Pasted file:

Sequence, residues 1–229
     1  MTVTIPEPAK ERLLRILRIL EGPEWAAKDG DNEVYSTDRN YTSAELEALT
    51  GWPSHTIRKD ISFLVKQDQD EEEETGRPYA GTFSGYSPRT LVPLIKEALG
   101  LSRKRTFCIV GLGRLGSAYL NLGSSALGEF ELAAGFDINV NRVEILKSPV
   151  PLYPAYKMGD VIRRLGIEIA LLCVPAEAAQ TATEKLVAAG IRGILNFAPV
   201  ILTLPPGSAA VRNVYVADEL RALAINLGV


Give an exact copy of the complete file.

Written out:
Sequence, residues 1–229
     1  MTVTIPEPAK ERLLRILRIL EGPEWAAKDG DNEVYSTDRN YTSAELEALT
    51  GWPSHTIRKD ISFLVKQDQD EEEETGRPYA GTFSGYSPRT LVPLIKEALG
   101  LSRKRTFCIV GLGRLGSAYL NLGSSALGEF ELAAGFDINV NRVEILKSPV
   151  PLYPAYKMGD VIRRLGIEIA LLCVPAEAAQ TATEKLVAAG IRGILNFAPV
   201  ILTLPPGSAA VRNVYVADEL RALAINLGV